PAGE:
To get the best deal on Tutoring, call 1-855-666-7440 (Toll Free)

Confidence Limits

Confidence limit is a concept belonging to the statistics category of subject mathematics. In general, we say that confidence limits tell us about the accuracy level of the estimated mean we have calculated.

Related Calculators
Calculate Limits 80 Confidence Interval Calculator


Back to Top
The upper and lower limits of the interval that is estimated over mean are known as confidence limits. This interval is known as confidence interval. These confidence intervals are at times very important to be determined because of the fact that the estimated mean always varies with each sample. With this confidence interval, we get the lower and the upper limit for the estimating of the mean. This also tells us about the level of uncertainty we have in the estimation of the true mean. If the interval is narrow, the estimate is more précised.

How to Calculate Confidence Limits

Back to Top
For finding confidence limits it is important to find confidence interval. We follow the steps below for determination of confidence interval and hence the confidence limits.

1. We start with writing down of the phenomenon on which the test is to be done.

2. Then a sample is chosen form the given population to us. This is basically what will be used for gathering the data required for testing our hypothesis.

3. Sample mean and standard deviation are now calculated. We know that sample mean is the ratio of the sum of all the values given to the total number of values. Also, the standard deviation is the square root of the ratio of the sum of the squares of the difference of values and mean to the number of values.

$Mean$ = $\frac{(\sum\ x)}{n}$
$S.D.$ = $\sqrt {\frac{(\sum ((x\ –\ mean)^2))}{n}}$

4. A desired level of confidence is chosen out of the most common ones that are $90%$, $95%$ and $99%$. At times, it is also given in the problem itself.

5. The margin of error is calculated. It can be calculated using the formula

$Z_{(\frac{a}{2})}$ $\times$ $\frac{S.D.}{\sqrt{n}}$

Here, $Z_{(\frac{a}{2})}$ is the confidence coefficient with $a$ being the confidence level and $n$ as the size of the sample.

6. Now find the confidence interval using the given formula.
 $Mean\ \pm$   $Z_{(\frac{a}{2})}$ $\times$ $\frac{(S.D.)}{(\sqrt{n})}$

7. Once we have got the interval the confidence limits are the lower and upper bounds of the interval so obtained.

Confidence Limits for Mean

Back to Top
The confidence interval for the mean is giving the information about the precision of the mean that has been determined by us. If the sample given is variable and small, then the sample mean that is determined is likely to be far from the mean population. While if the sample has some scattering and is large, then the determined sample mean is likely to be close to the mean population. For interpretation of confidence interval (limits) of mean it is important to assume that all of the values are sampled independently and randomly from a population the values of which are distributed in accordance with the Gaussian distribution.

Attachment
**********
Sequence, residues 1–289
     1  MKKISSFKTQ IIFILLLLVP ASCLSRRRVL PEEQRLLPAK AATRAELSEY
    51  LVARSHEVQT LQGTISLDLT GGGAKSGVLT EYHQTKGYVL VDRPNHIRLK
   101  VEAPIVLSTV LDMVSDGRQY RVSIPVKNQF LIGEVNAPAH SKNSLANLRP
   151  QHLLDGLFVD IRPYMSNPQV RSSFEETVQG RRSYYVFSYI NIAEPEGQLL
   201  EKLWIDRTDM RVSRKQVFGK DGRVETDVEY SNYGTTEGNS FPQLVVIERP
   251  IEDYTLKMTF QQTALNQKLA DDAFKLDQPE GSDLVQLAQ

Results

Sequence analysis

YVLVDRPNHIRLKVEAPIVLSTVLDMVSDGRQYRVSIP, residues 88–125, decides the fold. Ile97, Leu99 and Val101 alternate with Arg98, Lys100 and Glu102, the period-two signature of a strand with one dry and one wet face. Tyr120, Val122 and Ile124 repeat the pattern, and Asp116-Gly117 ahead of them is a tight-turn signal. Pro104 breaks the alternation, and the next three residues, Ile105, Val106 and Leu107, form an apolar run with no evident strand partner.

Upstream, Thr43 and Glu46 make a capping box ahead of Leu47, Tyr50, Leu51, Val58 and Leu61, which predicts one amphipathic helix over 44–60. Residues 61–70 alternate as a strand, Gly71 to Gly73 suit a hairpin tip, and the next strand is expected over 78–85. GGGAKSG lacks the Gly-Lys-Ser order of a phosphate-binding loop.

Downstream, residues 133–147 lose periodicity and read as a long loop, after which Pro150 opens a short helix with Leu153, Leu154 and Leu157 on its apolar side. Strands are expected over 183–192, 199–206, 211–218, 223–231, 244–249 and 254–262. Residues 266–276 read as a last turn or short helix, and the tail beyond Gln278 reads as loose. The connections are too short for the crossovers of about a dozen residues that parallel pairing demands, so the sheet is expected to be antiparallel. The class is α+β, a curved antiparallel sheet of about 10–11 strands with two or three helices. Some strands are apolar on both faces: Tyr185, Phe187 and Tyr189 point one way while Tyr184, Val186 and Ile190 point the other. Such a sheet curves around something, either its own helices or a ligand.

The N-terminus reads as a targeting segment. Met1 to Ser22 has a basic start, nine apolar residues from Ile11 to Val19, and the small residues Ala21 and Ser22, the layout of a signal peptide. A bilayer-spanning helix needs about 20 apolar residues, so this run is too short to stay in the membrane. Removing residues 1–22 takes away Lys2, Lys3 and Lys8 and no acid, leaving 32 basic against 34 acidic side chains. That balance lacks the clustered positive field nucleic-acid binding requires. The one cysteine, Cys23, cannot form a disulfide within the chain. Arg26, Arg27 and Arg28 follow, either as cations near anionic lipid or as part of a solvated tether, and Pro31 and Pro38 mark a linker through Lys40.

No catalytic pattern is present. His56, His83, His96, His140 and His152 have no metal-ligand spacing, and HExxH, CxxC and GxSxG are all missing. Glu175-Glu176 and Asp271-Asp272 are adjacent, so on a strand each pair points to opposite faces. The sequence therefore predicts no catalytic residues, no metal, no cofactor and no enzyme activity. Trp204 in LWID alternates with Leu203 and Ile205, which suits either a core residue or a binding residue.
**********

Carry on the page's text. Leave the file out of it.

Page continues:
Confidence Limits vs Confidence Interval

Back to Top
A confidence interval is simply the range of values that is likely to contain the parameters of population for a sample statistic.
While confidence limits which are also called confidence bounds are just the lower bound and upper bound of the confidence interval. These values define the confidence interval while confidence interval shows a range in which the population parameters are likely to lie in.

Confidence Limits of Counts

Back to Top
Suppose the data given includes a count variable. And suppose this count variable is believed to come from Poisson distribution. Also, we are computing 95% confidence interval. Then the easiest way is to approximate Poisson distribution to normal distribution with same mean and same standard deviation. With K count from a Poisson distribution, the confidence interval is
             $K\ \pm$ $Z_{(1\ –\ \frac{a}{2})}$ $\times\ \sqrt{K}$
With this we will get the confidence interval for the count and thus, the confidence limit of counts can be determined easily.
Supposedly we have several count variables. In such cases, we find the average of all the counts and then use the mean count instead of the single count in the above formula. Suppose we have $K_1$, $K_2$, $…$, $K_n$.

Then mean of counts, Mean $K$ = $\frac{(K_1\ +\ K_2\ +\ …\ +\ K_n)}{n}$

Also, confidence interval can be found via the formula
($Mean\ K$) $\pm$ $Z_{(1\ –\ \frac{a}{2})}$ $\times$ $\sqrt{\frac{(Mean\ K)}{n}}$


Back to Top

Suppose a person is measuring boiling temperature of a liquid and the readings noted are $102.5$, $101.7$, $100.9$, $102.2$, $103.1$ and $100.5$ on $6$ samples in degree Celsius. The sample mean evaluated is $101.82$. The standard deviation is given to be $1.2$ degrees. Find the confidence limits at $95%$ confidence level.


The confidence interval is given by 

$Mean\ x\ \pm$ $Z_{(\frac{a}{2})}$ $\times$ $\frac{S.D.}{\sqrt{n}}$

Here mean $x$ = $101.82$, $a$ = $95%$, $S.D.$ = $1.2$, $n$ = $6$

When we substitute the values and calculate we get ($101.01$, $102.63$)
Related Topics
Math Help Online Online Math Tutor
*AP and SAT are registered trademarks of the College Board.